Causes.com: “This bill would extend authorities for certain Dept. of Veterans Affairs programs that serve veterans, including dental insurance for veterans and their survivors and dependents; a temporary expansion of payments and allowances for beneficiary travel connected to veterans receiving care at veterans centers; and extending a pilot program for the VA to accept donated facilities and other facilities improvements.” Indiana Rep Mrvan introduced this bill and is its only sponsor. It passed 423-0.
The week ahead in Congress
“…Significant votes expected in both chambers as lawmakers look to avoid a government shutdown from occurring on Friday, October 1st. Meanwhile, Democrats are looking to finalize and bring their $3.5 trillion social spending plan using reconciliation.” Read more at Causes.
“The House will vote Thursday on the Senate-passed bipartisan infrastructure bill, pushing back an originally planned vote for Monday that Democratic moderates had demanded as part of a deal with Speaker Nancy Pelosi.” (The Hill)
In other news
The hyper-partisan, much criticized Cyber Ninjas finally released their report of their recount of the election results in Arizona’s Maricopa County. It showed Biden won in Arizona by even more votes that previously counted. And yet they continued to throw dispersions on the election process to promote the big lie that the election was stolen. “A months long hand recount of Maricopa County’s 2020 vote confirmed that President Joe Biden won and the election was not “stolen” from former President Donald Trump, according to early versions of a report prepared for the Arizona Senate. The three-volume report by the Cyber Ninjas, the Senate’s lead contractor, includes results that show Trump lost by a wider margin than the county’s official election results. The data in the report also confirms that U.S. Sen. Mark Kelly won in the county….The draft reports reviewed by The Republic minimize the ballot counts and election results and instead focus on issues that raise questions about the election process and voter integrity. ” (AZ Central)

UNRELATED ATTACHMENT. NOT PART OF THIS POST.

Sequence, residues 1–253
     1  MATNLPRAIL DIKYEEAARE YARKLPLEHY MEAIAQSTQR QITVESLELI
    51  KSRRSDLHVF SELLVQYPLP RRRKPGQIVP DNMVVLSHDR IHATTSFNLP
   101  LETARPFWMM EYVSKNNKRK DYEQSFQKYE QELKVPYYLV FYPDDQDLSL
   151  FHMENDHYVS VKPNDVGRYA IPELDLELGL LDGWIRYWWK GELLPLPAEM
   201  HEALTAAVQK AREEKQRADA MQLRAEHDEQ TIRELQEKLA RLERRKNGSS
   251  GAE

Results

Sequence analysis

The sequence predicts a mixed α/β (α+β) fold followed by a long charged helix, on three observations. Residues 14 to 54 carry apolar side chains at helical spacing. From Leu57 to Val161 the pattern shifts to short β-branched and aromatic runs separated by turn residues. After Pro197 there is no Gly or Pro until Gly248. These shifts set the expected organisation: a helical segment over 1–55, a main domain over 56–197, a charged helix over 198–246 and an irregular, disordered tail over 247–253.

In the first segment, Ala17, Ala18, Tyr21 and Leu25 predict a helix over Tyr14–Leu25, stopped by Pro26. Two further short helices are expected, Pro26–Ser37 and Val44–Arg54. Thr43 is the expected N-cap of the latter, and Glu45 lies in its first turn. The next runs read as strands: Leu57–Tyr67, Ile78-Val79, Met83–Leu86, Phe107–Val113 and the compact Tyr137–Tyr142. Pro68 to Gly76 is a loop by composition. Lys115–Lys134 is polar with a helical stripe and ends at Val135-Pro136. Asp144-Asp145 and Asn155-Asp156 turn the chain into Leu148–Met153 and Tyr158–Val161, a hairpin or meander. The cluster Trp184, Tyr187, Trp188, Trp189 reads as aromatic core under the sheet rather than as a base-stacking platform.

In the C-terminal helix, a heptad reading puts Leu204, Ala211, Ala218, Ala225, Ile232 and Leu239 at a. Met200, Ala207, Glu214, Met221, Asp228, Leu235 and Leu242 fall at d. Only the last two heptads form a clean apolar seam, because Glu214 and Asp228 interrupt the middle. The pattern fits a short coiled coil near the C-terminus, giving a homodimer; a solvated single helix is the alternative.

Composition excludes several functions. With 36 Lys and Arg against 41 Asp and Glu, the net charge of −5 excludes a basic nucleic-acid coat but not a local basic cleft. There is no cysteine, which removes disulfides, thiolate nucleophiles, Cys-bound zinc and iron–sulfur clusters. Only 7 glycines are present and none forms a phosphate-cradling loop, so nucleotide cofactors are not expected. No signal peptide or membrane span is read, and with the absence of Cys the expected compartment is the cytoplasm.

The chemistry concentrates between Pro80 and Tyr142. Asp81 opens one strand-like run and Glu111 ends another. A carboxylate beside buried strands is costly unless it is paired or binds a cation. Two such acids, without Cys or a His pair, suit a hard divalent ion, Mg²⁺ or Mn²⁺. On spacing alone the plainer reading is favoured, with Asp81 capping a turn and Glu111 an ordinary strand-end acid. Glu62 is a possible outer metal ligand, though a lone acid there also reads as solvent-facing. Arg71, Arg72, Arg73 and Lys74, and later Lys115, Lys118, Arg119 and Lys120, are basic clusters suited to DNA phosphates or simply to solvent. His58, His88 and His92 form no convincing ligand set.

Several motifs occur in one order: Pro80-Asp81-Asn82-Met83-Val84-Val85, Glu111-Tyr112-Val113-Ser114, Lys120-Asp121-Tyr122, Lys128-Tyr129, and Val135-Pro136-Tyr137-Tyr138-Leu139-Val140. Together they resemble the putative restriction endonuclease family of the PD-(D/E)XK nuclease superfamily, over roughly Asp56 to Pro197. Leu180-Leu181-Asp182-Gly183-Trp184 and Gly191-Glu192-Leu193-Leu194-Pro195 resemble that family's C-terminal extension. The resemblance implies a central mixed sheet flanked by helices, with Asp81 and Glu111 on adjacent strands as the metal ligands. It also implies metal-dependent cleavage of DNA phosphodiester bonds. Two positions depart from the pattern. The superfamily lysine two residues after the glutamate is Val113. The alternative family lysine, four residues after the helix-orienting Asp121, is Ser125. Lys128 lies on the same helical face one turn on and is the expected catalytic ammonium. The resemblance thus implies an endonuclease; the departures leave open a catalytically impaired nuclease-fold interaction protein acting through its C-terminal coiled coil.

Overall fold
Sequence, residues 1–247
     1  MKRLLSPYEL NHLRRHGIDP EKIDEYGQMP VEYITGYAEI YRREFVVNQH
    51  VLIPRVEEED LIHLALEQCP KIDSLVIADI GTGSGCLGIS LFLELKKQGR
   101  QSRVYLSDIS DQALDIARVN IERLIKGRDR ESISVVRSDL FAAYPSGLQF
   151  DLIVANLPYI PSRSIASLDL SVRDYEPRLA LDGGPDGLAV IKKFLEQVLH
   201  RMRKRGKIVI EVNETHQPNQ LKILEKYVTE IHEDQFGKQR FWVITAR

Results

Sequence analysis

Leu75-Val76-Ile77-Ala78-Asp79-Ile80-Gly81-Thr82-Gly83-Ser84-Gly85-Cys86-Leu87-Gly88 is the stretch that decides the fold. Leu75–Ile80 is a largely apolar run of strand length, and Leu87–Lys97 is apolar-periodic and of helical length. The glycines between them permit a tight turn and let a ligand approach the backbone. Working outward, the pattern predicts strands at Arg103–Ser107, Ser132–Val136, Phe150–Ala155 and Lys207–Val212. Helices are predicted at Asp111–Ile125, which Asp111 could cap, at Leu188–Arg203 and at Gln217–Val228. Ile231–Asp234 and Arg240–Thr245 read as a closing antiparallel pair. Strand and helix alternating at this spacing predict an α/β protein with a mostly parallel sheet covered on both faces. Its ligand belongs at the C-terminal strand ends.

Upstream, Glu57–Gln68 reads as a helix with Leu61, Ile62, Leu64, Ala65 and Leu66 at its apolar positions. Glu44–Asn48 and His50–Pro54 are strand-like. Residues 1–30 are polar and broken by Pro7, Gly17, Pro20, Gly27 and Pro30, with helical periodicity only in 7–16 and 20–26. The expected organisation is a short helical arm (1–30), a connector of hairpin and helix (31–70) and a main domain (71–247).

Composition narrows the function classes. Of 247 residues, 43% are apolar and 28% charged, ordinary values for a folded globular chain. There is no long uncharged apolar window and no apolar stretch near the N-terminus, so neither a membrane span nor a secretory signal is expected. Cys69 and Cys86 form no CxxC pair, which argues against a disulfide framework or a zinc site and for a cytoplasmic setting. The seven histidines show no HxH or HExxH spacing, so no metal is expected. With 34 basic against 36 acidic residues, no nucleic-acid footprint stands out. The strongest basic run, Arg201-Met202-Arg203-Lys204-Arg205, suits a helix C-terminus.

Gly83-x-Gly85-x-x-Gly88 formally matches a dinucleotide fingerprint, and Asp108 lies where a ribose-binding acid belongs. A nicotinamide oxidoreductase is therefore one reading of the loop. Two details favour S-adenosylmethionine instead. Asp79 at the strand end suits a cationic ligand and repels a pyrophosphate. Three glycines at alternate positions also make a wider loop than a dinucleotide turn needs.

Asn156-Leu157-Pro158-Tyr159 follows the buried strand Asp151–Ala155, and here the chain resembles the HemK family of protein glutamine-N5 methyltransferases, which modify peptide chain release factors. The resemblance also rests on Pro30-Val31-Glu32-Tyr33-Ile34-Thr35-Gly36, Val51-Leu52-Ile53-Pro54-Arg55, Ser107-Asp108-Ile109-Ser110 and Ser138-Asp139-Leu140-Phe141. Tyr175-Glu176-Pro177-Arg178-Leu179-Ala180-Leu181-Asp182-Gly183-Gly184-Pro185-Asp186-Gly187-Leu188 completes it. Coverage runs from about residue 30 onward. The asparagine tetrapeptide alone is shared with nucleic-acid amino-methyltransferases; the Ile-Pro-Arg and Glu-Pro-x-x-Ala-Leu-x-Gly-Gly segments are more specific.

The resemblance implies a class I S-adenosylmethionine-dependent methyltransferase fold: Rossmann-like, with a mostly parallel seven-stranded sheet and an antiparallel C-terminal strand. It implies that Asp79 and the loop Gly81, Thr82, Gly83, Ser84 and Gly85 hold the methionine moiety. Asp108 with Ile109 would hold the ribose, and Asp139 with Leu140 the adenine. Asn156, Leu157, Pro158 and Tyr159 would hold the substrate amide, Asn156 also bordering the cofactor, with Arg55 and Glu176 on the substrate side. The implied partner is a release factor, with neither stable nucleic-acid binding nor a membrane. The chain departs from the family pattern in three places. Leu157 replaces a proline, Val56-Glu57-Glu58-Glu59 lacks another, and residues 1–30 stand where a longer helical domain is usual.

“…Republicans in other states that helped Biden clinch the presidency have initiated their own Arizona-style election reviews in the face of pressure from Trump and his allies, who continue to insist without evidence that the 2020 election was tainted by widespread fraud and systemic irregularities.” (The Hill)
Read where election review efforts stand across the country at The Hill.
A San Antonio doctor who said he performed an abortion in defiance of a new Texas law all but dared supporters of the state’s near-total ban on the procedure to try making an early example of him by filing a lawsuit — and by Monday, two people obliged. (Politico)
New legislation proposed by Republicans would more sharply restrict how race is taught in Michigan classrooms, including banning schools from teaching that racism and sexism are inherent or that individuals bear guilt for wrongs committed by their race. (Chalkbeat)
“The FBI reported a nearly 30% increase in murders in 2020, the largest single-year jump since the bureau began recording crime statistics six decades ago.” (U.S. News and World Report)
The Biden administration Monday morning took steps to save the Obama-era DACA program that shields hundreds of thousands of undocumented immigrants brought to the US as children from deportation. (CNN Politics)
HB 1581 Redistricting
Provides that the population parameters that refer to political subdivisions throughout the Indiana Code are based on the 2010 federal decennial census until April 1, 2022. Provides that for purposes of local redistricting, political subdivisions shall use data from the 2020 federal decennial census. Establishes new legislative districts for the Indiana general assembly. Provides for expiration of the current legislative districts on the date of the 2022 general election. Makes technical and necessary changes in related statutes. Establishes new Indiana congressional districts. Provides for expiration of the current congressional districts on the date of the 2022 general election. Makes technical and necessary changes in related statutes. The vote was 67-31 with all democrats and three republicans voting nay. View the vote.